As promised, the following is a tiny snippet from Book #6. It's one of the very first things I wrote, when I first started writing this book, two years ago. I will not tell you where in the book this section falls; you'll just have to wonder. The timeline is stated very plainly but there's no knowing at what point I start this book so...heh heh heh...
Look, it's not often I get to tease people in good fun--you gotta gimme somethin'!
“Can you sleep?” He repeated the doctor’s question, prompting me, as he stabbed the dying end of his cigarette into the ashtray on the little table next to him and immediately started patting around for his case and matches to light another one.
“How are you sleeping, Miss Howe?” the kind old owl doctor with the salient eyes asked me for the third time.
“She’s not sleeping,” he answered for me, his impatience with my lack of response showing fully on his face now. He tapped the soon-to-be-lit end of his cigarette against his little silver case with deliberate but gentle effort and slipped it into his mouth. Soon the match was struck and setting the tip alight as he pulled the smoke directly into his lungs. This was the only outward sign of his stress—his chain smoking. Saxon Pierce was a poised, together man. He didn’t turn colors at upsetting news, vomit at seeing a friend die; he didn’t ball inconsolably or mutter to himself in a thin whisper. His hands didn’t even shake. They were perfectly in control of themselves, perfectly capable of moving about his person, performing idle tasks such as lifting his small glass of golden-brown liquid to his lips, lighting and holding his cigarette, and stabbing it out when he’d sucked it down two minutes later.
“Miss Howe?” Dr. Beasley started. “Would you like something to help you sleep?”
I saw from the corner of my eye that he held a vial of pills in one hand, but it was only from the corner. I kept my eyes on Saxon, still refusing to speak.
I hadn’t spoken aloud in three weeks. Today marked a month since Avery’s funeral. It was a month of deprivation, both involuntary and self-inflicted. I felt sick whenever I ate, so I ate very little and didn’t enjoy the chore at all. What little I was able to sleep was nothing but bad dreams. I would have welcomed more peaceful sleep; it was a good way to make time go by faster, but I had no control over my dreams.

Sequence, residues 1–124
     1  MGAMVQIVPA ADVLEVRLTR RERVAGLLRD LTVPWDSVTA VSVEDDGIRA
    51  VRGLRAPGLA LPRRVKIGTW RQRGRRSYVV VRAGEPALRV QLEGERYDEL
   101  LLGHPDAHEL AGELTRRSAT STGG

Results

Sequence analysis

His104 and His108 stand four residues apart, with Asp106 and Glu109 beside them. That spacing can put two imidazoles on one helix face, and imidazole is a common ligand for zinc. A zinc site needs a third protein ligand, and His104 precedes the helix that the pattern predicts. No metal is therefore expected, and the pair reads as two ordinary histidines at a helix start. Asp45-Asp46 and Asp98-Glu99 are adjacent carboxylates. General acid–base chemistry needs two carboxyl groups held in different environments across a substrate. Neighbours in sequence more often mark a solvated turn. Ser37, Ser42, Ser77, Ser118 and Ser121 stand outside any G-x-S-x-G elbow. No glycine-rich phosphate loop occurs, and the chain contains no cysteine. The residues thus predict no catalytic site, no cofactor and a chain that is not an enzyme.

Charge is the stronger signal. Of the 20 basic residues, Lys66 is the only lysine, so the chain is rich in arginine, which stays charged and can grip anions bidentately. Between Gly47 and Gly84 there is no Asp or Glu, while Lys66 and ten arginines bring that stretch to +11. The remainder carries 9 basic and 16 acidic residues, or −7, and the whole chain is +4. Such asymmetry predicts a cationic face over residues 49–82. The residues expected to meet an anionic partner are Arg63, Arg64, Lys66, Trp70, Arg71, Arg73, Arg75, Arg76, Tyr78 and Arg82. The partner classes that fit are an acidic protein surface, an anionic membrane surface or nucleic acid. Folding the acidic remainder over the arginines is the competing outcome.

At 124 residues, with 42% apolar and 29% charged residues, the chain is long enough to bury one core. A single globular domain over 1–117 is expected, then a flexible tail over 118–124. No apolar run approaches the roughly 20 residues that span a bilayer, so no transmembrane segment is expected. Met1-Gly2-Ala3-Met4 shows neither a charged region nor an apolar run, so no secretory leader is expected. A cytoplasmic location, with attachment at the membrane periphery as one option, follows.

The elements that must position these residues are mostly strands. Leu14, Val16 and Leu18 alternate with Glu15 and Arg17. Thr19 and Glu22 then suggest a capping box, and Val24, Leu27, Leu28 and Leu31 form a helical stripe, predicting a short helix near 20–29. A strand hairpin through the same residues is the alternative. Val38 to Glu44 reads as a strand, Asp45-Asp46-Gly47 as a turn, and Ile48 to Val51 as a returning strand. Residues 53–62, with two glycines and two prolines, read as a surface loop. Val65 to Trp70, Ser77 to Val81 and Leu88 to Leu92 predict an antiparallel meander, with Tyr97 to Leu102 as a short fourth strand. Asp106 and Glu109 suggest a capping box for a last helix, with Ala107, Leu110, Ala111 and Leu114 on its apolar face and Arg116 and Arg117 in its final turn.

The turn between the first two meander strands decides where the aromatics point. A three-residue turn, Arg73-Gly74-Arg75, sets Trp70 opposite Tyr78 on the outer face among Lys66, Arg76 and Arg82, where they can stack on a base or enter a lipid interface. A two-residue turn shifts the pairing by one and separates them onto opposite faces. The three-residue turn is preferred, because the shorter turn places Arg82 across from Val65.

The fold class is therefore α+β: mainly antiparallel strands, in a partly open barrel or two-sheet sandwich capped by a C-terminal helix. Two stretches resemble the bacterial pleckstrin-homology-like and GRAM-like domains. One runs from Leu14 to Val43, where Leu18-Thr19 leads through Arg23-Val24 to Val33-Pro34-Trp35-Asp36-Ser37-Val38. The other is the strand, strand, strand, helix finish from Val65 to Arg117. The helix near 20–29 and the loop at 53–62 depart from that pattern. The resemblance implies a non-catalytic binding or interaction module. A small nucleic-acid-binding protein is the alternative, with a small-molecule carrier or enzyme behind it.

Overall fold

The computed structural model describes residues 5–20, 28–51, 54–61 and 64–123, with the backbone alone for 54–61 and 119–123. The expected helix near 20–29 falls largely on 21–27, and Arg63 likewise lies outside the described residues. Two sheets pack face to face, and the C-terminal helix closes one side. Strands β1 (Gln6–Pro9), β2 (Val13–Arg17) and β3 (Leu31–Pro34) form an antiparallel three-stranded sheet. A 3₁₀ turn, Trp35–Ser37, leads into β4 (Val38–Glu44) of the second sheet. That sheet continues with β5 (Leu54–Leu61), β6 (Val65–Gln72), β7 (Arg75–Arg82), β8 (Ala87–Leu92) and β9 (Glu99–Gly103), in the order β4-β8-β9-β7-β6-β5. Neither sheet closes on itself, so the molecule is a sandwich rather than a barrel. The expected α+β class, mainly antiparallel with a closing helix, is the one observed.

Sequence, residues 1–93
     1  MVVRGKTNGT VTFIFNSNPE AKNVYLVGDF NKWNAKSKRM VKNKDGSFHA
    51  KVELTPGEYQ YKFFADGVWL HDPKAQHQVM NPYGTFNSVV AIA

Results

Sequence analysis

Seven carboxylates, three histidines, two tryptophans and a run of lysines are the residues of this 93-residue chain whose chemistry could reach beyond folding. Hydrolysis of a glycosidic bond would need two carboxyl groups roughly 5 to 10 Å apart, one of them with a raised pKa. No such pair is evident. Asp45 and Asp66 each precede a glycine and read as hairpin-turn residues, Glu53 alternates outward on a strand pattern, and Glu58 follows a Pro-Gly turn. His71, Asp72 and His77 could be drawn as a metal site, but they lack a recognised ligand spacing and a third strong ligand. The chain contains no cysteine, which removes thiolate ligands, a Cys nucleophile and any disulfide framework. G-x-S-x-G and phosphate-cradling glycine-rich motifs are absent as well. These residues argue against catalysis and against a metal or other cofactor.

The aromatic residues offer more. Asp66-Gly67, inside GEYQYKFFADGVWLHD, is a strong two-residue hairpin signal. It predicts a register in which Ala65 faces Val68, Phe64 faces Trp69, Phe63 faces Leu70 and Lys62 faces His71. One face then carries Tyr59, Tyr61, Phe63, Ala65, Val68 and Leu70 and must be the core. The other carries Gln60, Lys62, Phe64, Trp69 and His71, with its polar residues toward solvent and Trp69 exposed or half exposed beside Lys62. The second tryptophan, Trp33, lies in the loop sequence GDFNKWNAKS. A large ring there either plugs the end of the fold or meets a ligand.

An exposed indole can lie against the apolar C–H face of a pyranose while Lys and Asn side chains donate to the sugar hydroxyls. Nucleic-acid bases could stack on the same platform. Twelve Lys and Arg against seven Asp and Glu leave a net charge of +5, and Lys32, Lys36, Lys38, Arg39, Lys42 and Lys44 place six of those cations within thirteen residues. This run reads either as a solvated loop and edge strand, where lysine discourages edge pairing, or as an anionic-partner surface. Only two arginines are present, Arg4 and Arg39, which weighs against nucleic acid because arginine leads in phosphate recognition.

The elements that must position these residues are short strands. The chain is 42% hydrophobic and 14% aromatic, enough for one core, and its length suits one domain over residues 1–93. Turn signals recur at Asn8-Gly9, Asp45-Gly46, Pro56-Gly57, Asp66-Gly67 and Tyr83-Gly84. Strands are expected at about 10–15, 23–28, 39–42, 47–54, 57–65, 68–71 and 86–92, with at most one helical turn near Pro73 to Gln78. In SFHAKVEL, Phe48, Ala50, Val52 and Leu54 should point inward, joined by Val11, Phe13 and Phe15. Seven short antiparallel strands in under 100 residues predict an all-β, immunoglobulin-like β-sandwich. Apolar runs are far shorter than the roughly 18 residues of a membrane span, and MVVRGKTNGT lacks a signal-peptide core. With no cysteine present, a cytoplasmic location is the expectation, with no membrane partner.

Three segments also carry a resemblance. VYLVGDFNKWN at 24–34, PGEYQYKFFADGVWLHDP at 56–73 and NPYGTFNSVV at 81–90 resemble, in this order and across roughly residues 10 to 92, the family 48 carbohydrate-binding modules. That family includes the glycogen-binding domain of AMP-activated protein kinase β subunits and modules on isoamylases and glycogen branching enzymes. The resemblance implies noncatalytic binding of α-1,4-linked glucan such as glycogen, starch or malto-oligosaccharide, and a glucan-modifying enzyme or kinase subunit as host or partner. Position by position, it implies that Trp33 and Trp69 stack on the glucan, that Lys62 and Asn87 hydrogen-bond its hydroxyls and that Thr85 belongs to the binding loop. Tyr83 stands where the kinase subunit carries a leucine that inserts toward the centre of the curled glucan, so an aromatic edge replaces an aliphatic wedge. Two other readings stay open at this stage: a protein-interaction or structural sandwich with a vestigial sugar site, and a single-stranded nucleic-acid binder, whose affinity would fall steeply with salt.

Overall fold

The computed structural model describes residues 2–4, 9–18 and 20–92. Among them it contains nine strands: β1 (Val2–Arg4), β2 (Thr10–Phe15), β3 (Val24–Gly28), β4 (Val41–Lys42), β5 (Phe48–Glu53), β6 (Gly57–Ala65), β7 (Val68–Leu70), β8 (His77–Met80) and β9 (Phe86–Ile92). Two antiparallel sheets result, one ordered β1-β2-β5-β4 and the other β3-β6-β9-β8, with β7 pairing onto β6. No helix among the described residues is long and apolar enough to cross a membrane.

I saw recovery as an unlikely possibility—it certainly felt impossible—but I couldn’t help thinking that my situation was going to change eventually, whether for the better or the worse, and I so desperately wanted something to change that I wished time would go by faster. But it was out of my control. I was a victim of the storm, a prisoner of my grief.
I spent most of my time sitting in the window. I didn’t know who or what I was waiting for, but it was the only place I was comfortable. It also gave me warning when people arrived to visit me, so I had time to get in bed and pretend to be asleep before they came in. They never wanted to wake me, so eventually they would leave. Sometimes they would wait a while, hoping I would wake up; I’d have to pretend to be sleeping for over an hour at a time on some days. But it was worth it not to have to visit with anyone.
My friends came every weekend (Ethyn was never among them) and Quinn and Graham came once a week with Brigham, who made it back the day after the funeral. They’d told me they would keep me informed about what was going on with them by calling me on Graham’s cell phone, but apparently they couldn’t resist seeing me in person, even if they had to come into a ravens’ nest to do so. In the beginning, they talked to me while I faked sleep, updating me on what was happening at the den and beyond, but they stopped doing that before long since I never showed signs of rousing or hearing a word.
Most of the time, the ravens knew I was pretending, but I still tried to fake sleep when they came in, like I did with the others. I just didn’t feel like talking about what was going on in my head—or the rest of my body. And I didn’t have the energy to pretend things were okay. They weren’t. And my melancholy was mine and no one else’s.
It's not much, but then I never give too much away in these sneak-a-peeks. It's more than what I gave away from the last one though. So, what do you guys think? Leave a comment below--or leave one on Facebook, Twitter, etc--and let me know:)
PS. Next Up: The Official Moon-Wake Summary!!